In our model of equal selection on two traits, the rate of adaptation in trait 1 is the sum of its genetic variance and genetic covariance, *i.e.*, Here, we derive this expression, which is analogous to the multivariate breeder’s equation but in continuous time and for a discrete genetic basis, from our definitions of mean fitness for each trait, and and the deterministic expressions for changes in genotypes abundances (see *Materials and Methods*). When the population is at capacity ( constant *N*), genotype frequencies within the bulk change according to the ODESubstituting this into the time derivative of mean fitness in trait yieldsSubstituting in the expression above givesThis can also be done for the second trait to get and thus, the total rate of adaptation must be

## Appendix B

The trait identity of each mutation (*i.e.*, whether it influences trait 1 or 2) is a neutral marker in the present model. The differences between pairs of individuals in a single trait *k* = 1, 2 can be analyzed using a coalescent framework. Suppose that individual *i* has *n _{i}* mutations separating it from its common ancestor with individual

*j*, and individual

*j*has

*n*mutations. Then, we define indicator variables

_{j}*I*(

_{k,i}*l*) and

*I*(

_{k,i}*l*) that tell us whether mutation

*l*occurred in trait

*k*or not, so that the difference between the value of trait

*k*in individual

*i*

*vs.*in the common ancestor is We then express the variance in one fitness-associated trait in terms of two randomly drawn individuals

*i*and

*j*:The factor of 1/2 comes from the fact that the expected squared difference of independent and identically distributed random variables

*X*and

*Y*is equal to twice the variance of either since . Rearranging,Calculating the expectations of these sums across binomial distributions of

*n*trials, each with success probability 0.5, providesWe note that the first term where

*σ*

^{2}is the total variance in fitness and hence yields Fisher’s Fundamental Theorem. The second term

*E*[

*n*+

_{i}*n*] is the average total pairwise heterozygosity at positively selected sites for two randomly selected individuals, ∏. Substituting these into the expression for yieldsWe obtain the covariance,

_{j}*σ*

_{1,2}, using symmetry and solving for

*σ*

_{1,2}in the expression to obtain(5)A expression for ∏ is given by (Desai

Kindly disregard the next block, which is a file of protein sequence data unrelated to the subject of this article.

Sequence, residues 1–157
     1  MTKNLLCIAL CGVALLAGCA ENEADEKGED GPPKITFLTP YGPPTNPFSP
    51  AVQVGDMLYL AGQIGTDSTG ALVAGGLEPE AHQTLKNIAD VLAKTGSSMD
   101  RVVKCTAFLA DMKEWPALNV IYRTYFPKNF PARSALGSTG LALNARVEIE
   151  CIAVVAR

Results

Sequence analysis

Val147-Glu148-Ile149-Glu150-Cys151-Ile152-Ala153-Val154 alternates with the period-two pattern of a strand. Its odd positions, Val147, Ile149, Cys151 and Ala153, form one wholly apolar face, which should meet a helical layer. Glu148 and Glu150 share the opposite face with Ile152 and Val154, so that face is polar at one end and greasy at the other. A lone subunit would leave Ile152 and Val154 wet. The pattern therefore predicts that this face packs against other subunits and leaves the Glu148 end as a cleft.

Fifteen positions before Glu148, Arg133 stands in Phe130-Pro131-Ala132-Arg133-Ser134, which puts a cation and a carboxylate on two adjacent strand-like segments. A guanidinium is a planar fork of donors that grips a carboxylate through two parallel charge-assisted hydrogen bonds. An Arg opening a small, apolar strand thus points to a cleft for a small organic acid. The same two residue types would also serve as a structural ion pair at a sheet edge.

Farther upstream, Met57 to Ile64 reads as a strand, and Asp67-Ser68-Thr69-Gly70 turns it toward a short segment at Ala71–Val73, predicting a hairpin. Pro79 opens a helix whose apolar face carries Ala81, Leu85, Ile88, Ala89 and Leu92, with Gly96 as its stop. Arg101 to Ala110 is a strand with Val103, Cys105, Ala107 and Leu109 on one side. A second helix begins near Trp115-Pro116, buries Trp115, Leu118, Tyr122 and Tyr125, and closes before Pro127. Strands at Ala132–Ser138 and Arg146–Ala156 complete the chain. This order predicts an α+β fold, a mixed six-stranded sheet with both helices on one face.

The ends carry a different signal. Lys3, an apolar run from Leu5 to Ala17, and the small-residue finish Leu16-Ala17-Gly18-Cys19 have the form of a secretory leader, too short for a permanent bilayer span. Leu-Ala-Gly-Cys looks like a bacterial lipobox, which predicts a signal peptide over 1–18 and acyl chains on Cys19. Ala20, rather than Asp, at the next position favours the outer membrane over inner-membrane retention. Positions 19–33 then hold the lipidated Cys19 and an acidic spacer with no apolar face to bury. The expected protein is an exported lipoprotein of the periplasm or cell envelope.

*et al.*2013, Equation 30), derived from the fitness-class coalescent of Walczak

*et al.*(2012). Expressed in terms of we haveSubstituting for ∏ into the expressions for and

*σ*

_{1,2}providesFinally, dividing both sides by and noting that yields Equation 3. If we introduce the concept of additive genic variance

*V*(additive genetic variance in fitness in the absence of linkage disequilibrium (Walsh and Lynch 2018, p. 550), then we can express trait variance and covariance in an alternative form. The comparison between

_{A}*σ*

^{2}and

*V*(

_{A}*i.e.*fitness variance in the presence

*vs.*absence of linkage disequilibrium) has been used by Good

*et al.*(2014) and Sohail

*et al.*(2017) to quantify linkage disequilibrium. It can be expressed in terms of pairs of fitness-associated alleles (Lynch and Walsh 1998, p. 102) aswhere

*l*

_{1}and

*l*

_{2}are segregating fitness-associated alleles, the

*α*’s are the average effects of allelic substitution, and the are the coefficients of linkage disequilibrium. The expected heterozygosity ∏ can be written aswhere the sum is over all segregating sites

*l*and

*f*is the frequency at site

_{l}*l*. The right hand side is the additive genic variance in fitness,

*V*(Good

_{A}*et al.*2014; Walsh and Lynch 2018). We substitute both and into Equation 5 to obtainThis describes how trait variances and covariances depend on linkage disequilibrium, which is quantified by the ratio

## Footnotes

*Communicating editor: J. Hermisson*

- Received October 11, 2018.
- Accepted December 14, 2018.

- Copyright © 2019 by the Genetics Society of America